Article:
The Arches, ‘the stuff of clubbing legend’, faces permanent closure after a licensing board ruling that forces the club to close at midnight, compromising it’s practicality as a night club. Frequently placed in the top 100 clubs in the world by DJ Magazine, and ‘one of Europe’s most highly regarded arts venues and a key contributor to Glasgow’s night time economy’, The Arches looks like it will close it’s doors for good. This subterranean cavern, fitted with Funkion 1 soundsystem, has played host to most of the world’s finest DJs including the likes of Richie Hawtin, Showtek and Alesso .
The space has been the home of Slam’s monthly house and techno night Pressure for over two decades and been a fundamental for fans in the genres. Playing and promoting here since 1992 Pressure would have celebrated its 17th birthday in November. Sporting an incredible line up of Minus Records and Berlin’s Dystopian label names, the Pressure end of season party that took place on May 1st will have been it’s last in The Arches.
The Arches is also a regular venue for Scotland’s principal dance promoter Colours. With guests like Hardwell and Laidback Luke, Colours is a go-to for electro, tech-house, trance and big room house. The Arches is not only a club, it is an arts venue where everything from film screenings to performance art, workshops to lectures is happening. How the closure of the nightclub will affect the rest of the venue is yet to be seen, but is likely to be detrimental as the revenue made from the nightclub significantly helps to fund the other events within the venue.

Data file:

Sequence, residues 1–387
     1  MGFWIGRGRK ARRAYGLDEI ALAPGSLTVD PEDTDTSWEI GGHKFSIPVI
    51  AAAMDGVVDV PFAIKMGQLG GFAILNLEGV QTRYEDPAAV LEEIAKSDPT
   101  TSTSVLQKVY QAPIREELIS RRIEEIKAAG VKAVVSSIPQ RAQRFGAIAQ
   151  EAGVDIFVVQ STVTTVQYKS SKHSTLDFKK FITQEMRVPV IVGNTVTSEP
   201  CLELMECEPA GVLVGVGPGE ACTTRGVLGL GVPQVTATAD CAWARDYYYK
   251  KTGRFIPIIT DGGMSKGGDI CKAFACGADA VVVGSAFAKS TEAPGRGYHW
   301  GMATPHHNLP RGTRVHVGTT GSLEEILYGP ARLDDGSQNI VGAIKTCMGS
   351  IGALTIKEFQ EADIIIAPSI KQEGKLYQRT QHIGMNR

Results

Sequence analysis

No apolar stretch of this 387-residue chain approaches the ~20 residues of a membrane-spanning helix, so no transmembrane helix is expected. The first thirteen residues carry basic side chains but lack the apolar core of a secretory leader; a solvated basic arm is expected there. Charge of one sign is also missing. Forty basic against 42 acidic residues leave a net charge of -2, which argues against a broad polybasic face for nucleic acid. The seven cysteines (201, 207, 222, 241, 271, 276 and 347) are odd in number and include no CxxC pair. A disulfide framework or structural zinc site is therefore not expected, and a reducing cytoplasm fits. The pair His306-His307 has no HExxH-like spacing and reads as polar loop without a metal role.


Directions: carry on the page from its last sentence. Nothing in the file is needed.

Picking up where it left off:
The licensing board’s decision resulted from multiple unsuccessful attempts by police to shut the club down following the drug related death of 17 year old Regan Mc Coll. Police have tried to shut down the club three times in just over a year. In March of this year 26 reports of drugs and alcohol related offences were made on one night. This was combined with one woman being found unconscious outside the club. The venue claims that the majority of reports made to the police are made by The Arches staff whilst carrying out their ‘robust’ searches. Although police solicitor Duncan Campbell is correct in that there are ‘potentially lethal consequences that may arise from this situation’ it is also true that punters will just move on to other venues that are not as well equipped, with inferior medical and security procedures.
In all it seems that the situation will only get worse elsewhere in Glasgow and the city will be worse off for it. Not only will it be other venues across the city and the police and ambulance services that have to deal with the fallout from the closure of The Arches, those effected will also very much include both music fans and those involved in the wider arts in Glasgow.
By Sean O’Sullivan